Manchester Film Festival have announced their official line up for this year, as well as an expanded length for the fifth edition of the event.
The festival, which takes place at ODEON, Great Northern in Manchester, will run from March 2-10 and screen more than 150 films across the week. This includes narrative and documentary features and shorts, experimental films, music videos, animations and virtual reality.
In another new turn for the festival, all narrative feature films will be screened twice and there will be more daytime events, giving attendees more chance to see everything on show.
In partnership with Old Granada Studios, the festival will also host free live audiences with filmmakers and invited guests throughout the week, giving audiences their chance to probe the folks behind the camera.
These new additions reflect the ever-growing nature of the festival, which started with just over 70 films shown five years ago.
The festival will have world premieres of many films, including Limbo, starring James Purefoy, which follows a serial killers court case in hell. The Runaways, starring The Full Monty star Mark Addy and Brassed Off’s Tara Fitzgerald, will also premiere alongside Far from the Apple Tree, led by Sorcha Groundsell, which follows an artist who gets her dream job, but it soon turns sinister.
Also programmed is the UK premiere of indie flick Princess of the Row, which stars one of the biggest names of the festival – hollywood legend Martin Sheen. Paris Song will also make its UK debut, with Abbie Cornish as the Kazakh singer, Amre Kashaubayev, who journeys to Paris to compete in an international singing competition.
A trio of horror films are scheduled with premiers for Russ Creek, a survival horror thriller, Isabelle starring Adam Brody and Celeste, with Radha Mitchell.
— Manchester Film Fest (@ManIFFofficial) January 22, 2019
The documentary state is just as strong, with something for everyone, including the UK premiere of Unravelling Athena, which follows various women’s tennis champions journeys to success, with contributions from the Williams sisters Serena and Venus and Billie Jean King.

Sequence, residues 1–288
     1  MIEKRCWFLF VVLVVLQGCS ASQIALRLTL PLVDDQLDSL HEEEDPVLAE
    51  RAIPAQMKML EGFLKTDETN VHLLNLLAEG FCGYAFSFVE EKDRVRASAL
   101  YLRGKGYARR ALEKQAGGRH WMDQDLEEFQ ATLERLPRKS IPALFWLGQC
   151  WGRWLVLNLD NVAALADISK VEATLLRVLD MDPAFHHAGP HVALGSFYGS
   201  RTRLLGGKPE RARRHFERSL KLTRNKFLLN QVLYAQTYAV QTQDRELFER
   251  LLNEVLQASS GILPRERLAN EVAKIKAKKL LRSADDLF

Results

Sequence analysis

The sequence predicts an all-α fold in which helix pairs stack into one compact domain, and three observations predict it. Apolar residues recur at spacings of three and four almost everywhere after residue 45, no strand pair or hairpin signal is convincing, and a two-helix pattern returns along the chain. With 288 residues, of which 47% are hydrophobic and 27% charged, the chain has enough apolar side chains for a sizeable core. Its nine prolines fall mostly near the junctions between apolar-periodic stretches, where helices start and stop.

There’s more for sports fan with Cradle of Champions getting its world premiere, which follows three young people as they battle to change their lives through the three-month odyssey of the New York Daily News Golden Gloves boxing tournament.
Public Figure also has its UK premiere, with a big contribution from Denzel Washington, looking at society’s obsession with social media.
Music fans can enjoy Leonard Bernstein – A Genius Divided and short documentary There’s A Hell Of A Racket Coming From Your House, Mrs. Wood which looks at The Rolling Stones guitarist Ronnie Wood’s contemporary art projects.
And for the filmmaking enthusiasts Ballad of a Righteous Merchant looks at Werner Herzog’s filmmaking process – including interviews with stars Michael Shannon, Chloë Sevigny and Willem Dafoe.
On the wackier side of things there will also be the European premiere of The Pretender, a fly-on-the-wall exploration of a professional Rocky impersonator who has embodied the character full time.
To commemorate the fifth edition of the festival, there will be screenings of films starring previous alumni of the festival, including 1984 starring John Hurt, Olivia Cooke in The Signal, Holes starring Shia LaBeouf, Animal House with Karen Allen, and Velvet Goldmine with Jonathan Rhys Myers.
Other documentary shorts include Lifeboat, which documents the refugees risking their lives by leaving Libya on rubber boats and The Firefighter, which sees Ricky Nuttall recite his poem about his experiences the night he went into Grenfell Tower.
There are 14 short films programmed, including the legendary Joan Collins in Gerry, following an old woman who uncovers a long-buried secret. Melissa Leo stars in The View From Up Here, Chris Messina in Too Long at The Fair and Game of Thrones favourite Aiden Gillen in comedy short I Didn’t… I Wasn’t… I Amn’t… (An Unromantic Comedy).
The North West Shorts programme will celebrate the North West’s filmmaking talent, with The Sea and How A Kite Flies premiering, the latter features Sir Ian McKellen voicing an alcoholic kite – yes, you read that correctly.
This stacked selection truly offers something for everyone, and the festival is sure to attract big audiences as it continues to innovate and make a name for itself.
The festivals Head of Programming Al Bailey says: “This year’s line-up is the perfect example of what we set out to achieve five years ago – a showcase of the most eclectic independent films from around the world and the strength of the selection shows the reputation that the festival has and continues to gain.”
There are more announcements to come in the following weeks regarding the special guests at the opening and close of the festival, but one thing is for sure – Manchester Film Festival is bigger than ever and is certain to only expand from here.
Image courtesy of Manchester Film Festival via YouTube, with thanks.